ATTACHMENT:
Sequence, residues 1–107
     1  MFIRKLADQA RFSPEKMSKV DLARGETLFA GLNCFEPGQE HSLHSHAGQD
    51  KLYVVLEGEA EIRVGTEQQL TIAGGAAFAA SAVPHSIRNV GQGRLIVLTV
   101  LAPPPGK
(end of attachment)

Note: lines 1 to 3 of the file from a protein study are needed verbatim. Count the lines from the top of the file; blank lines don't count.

Sequence, residues 1–107
     1  MFIRKLADQA RFSPEKMSKV DLARGETLFA GLNCFEPGQE HSLHSHAGQD
    51  KLYVVLEGEA EIRVGTEQQL TIAGGAAFAA SAVPHSIRNV GQGRLIVLTV